The Justice Department announced Wednesday that it reached an $8.3 billion settlement with OxyContin maker Purdue Pharma as a result of criminal and civil investigations by federal prosecutors into the company’s marketing of opioid painkillers.
Purdue Pharma agreed to plead guilty in federal court in New Jersey to three felony counts for defrauding the United States and violating the anti-kickback statute from 2009 to 2017 in what the Justice Department said was “the largest penalties ever levied against a pharmaceutical manufacturer.”
Federal prosecutors said the company, which manufactured millions of opioid pills during the height of the epidemic, paid two doctors through Purdue’s doctor speaker program and an electronic health records company to drive up prescriptions for its opioid products, including its top seller, OxyContin.
“The kickback effectively put Purdue marketing department in the exam room with their thumb on the scale at precisely the moment doctors were making critical decisions about patient health,” District of Vermont U.S. Attorney Christina Nolan said at the Justice Department briefing.
The settlement does not include jail time for top executives or the owners, the wealthy Sackler family. But the resolution does not mean any executives or the Sacklers are immune to potential future criminal charges, according to the Justice Department.
The $8.3 billion global settlement includes a criminal fine of $3.544 billion, criminal forfeiture of $2 billion and a civil settlement of $2.8 billion. The Sackler family separately agreed to pay $225 million in damages to resolve a civil False Claims Act case.
The $8 billion figure is largely symbolic – the bankrupt drugmaker is already indebted to states, communities and other creditors. The company is among several drugmakers and distributors embroiled in litigation over the deaths and economic devastation inflicted by the opioid epidemic. In the past two decades, more than 400,000 Americans have died of opioid overdoses.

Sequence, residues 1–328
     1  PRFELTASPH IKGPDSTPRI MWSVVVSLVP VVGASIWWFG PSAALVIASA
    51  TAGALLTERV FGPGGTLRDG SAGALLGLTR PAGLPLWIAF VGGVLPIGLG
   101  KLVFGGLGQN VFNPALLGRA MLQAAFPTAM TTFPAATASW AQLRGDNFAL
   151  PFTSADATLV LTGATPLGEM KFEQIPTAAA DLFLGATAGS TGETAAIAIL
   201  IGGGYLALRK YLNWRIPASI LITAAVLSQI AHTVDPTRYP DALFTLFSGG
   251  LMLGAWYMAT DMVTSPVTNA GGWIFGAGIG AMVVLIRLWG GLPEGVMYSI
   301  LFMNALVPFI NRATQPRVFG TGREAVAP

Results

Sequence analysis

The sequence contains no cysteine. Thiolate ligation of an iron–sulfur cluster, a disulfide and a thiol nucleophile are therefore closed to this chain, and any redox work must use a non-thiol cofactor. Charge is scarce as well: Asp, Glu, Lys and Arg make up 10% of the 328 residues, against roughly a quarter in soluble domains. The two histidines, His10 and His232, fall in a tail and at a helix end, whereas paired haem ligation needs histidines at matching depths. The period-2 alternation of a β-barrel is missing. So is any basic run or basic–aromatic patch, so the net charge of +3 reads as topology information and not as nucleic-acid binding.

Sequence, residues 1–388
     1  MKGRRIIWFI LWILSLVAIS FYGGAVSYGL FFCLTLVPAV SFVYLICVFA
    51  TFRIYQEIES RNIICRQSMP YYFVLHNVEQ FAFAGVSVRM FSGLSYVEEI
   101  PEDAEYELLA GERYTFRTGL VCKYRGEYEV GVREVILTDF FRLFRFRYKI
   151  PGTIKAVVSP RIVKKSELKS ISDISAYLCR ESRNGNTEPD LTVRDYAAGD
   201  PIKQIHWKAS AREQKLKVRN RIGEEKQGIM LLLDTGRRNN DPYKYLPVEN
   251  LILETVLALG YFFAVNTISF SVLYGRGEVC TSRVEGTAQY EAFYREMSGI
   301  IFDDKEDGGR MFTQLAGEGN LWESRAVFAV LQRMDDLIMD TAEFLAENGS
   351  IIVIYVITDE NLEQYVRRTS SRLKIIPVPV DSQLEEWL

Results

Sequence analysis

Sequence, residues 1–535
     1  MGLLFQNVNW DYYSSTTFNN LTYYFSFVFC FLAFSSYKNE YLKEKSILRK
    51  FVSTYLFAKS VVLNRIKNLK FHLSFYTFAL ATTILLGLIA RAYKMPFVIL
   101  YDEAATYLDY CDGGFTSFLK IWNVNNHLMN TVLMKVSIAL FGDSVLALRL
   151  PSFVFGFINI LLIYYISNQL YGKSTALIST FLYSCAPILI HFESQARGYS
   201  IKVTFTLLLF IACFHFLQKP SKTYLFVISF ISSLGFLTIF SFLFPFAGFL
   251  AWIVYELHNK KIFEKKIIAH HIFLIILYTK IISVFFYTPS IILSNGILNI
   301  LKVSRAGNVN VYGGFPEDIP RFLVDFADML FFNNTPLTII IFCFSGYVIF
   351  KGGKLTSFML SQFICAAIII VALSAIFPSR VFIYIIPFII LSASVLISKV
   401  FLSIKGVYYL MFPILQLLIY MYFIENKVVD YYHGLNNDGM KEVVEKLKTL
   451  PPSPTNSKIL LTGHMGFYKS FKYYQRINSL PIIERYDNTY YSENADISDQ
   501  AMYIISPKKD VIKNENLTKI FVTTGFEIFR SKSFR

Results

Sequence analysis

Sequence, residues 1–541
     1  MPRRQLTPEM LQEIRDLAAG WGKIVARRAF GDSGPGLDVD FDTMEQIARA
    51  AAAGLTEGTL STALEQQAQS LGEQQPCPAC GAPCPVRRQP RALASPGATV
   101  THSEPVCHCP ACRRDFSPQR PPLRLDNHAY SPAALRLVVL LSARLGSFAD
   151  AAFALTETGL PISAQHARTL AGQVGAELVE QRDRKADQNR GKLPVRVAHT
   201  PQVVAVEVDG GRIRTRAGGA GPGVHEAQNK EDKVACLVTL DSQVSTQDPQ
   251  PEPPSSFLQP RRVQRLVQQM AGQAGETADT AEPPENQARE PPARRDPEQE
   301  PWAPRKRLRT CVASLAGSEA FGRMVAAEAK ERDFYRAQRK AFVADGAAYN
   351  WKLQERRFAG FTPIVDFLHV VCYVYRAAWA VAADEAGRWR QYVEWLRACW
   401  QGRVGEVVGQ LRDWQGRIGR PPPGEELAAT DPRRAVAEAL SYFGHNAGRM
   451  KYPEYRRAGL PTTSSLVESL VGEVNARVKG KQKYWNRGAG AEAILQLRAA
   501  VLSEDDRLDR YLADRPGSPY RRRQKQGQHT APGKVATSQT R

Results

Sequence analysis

Critics of the Sacklers and Purdue blame OxyContin for fueling the epidemic and have sought harsher penalties. The company and family still face scores of lawsuits, including an ongoing civil suit by New York Attorney General Letitia James, a Democrat.
“Today’s deal doesn’t account for the hundreds of thousands of deaths or millions of addictions caused by Purdue Pharma and the Sackler family,” James wrote in a statement. “Instead, it allows billionaires to keep their billions without any accounting for how much they really made.”
A representative for the family denied that any members were in a management role during the time the company paid the doctors or software company – an assertion that has been disputed by state attorneys general and other civil plaintiffs.
“We reached today’s agreement in order to facilitate a global resolution that directs substantial funding to communities in need, rather than to years of legal proceedings,” spokeswoman Amy Stevens wrote in a statement. “This proposed resolution includes relinquishing our ownership of Purdue and has been valued at $10-$12 billion – more than double all Purdue profits the Sackler family retained since the introduction of OxyContin.”
Purdue acknowledged the wrongdoing the company was resolving, saying Wednesday that it is a “very different company” today.
“Purdue deeply regrets and accepts responsibility for the misconduct detailed by the Department of Justice in the agreed statement of facts,” said Steve Miller, who has headed the company’s board since July 2018.